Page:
These folks wouldn’t . What’s in your 401K?
The case is a cautionary tale offered up by the investing experience of the West Virginia teachers over the past 17 years. This was a predominantly college-educated workforce, and yet for the majority, their returns fell well short of what was needed to secure a decent income in retirement.
You can look at what’s happened in West Virginia as a scary microcosm of a 401(k) system that has now become the only retirement plan for millions of American (mostly private-sector) workers. And for most, it’s not coming close to generating enough money to fund a decent retirement lifestyle.
Public sector employees like the West Virginia teachers are quickly becoming the only Americans left with decent pensions. But the problem is that private-sector taxpayers have to foot the bill, while at the same time, their own retirements are going to pot.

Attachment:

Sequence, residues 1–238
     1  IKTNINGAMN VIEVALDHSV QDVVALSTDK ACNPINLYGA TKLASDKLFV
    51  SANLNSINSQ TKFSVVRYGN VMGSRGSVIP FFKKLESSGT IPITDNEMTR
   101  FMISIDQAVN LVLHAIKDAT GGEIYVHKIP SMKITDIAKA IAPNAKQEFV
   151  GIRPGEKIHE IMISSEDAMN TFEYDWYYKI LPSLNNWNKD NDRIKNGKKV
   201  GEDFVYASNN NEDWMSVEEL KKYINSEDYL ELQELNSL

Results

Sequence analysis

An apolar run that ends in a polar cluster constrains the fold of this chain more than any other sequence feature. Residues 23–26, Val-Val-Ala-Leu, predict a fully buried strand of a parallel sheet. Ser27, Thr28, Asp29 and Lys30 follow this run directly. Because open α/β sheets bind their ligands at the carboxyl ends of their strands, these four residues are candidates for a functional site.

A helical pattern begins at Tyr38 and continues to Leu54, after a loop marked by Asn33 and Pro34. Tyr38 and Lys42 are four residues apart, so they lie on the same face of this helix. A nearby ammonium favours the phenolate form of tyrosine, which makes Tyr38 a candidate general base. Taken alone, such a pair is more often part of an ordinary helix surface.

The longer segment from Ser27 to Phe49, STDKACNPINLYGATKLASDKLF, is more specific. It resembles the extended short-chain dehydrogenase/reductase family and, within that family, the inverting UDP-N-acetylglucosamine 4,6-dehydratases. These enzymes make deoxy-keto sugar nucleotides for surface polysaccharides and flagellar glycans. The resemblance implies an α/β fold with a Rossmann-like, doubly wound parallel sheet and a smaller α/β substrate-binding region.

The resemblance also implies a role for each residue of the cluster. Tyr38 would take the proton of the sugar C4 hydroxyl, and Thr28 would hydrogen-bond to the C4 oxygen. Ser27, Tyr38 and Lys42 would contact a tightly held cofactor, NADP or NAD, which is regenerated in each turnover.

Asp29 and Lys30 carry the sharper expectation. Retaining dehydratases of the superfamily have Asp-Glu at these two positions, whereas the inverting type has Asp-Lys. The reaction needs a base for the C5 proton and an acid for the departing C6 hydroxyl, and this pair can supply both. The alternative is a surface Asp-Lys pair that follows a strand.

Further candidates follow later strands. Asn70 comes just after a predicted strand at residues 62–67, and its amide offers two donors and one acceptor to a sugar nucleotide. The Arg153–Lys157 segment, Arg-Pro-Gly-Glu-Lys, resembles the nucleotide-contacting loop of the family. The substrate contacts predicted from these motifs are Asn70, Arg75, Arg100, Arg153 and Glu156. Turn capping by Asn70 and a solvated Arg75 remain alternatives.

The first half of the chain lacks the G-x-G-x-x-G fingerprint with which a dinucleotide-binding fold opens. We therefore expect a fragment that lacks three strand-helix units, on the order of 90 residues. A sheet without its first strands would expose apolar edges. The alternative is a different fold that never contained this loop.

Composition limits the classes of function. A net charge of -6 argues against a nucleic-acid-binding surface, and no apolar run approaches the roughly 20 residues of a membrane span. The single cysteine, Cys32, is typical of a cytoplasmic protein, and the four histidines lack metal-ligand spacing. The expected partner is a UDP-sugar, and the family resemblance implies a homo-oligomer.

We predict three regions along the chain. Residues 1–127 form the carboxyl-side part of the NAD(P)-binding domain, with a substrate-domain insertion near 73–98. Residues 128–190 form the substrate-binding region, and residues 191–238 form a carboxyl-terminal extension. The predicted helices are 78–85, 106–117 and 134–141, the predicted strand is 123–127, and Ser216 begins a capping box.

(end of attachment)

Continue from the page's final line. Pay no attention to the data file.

I am reminded of a comment that Dallas Salisbury, the president of the Employee Benefit Research Institute, made to me a few years back: "The public employee, no matter who you compare him to, has become the dominant sector of the labor force that is well pensioned and well benefited," he said. "And the real question is, At what point, vis-a-vis tax burden, does the nonpensioned public start to pay attention to that as voters?"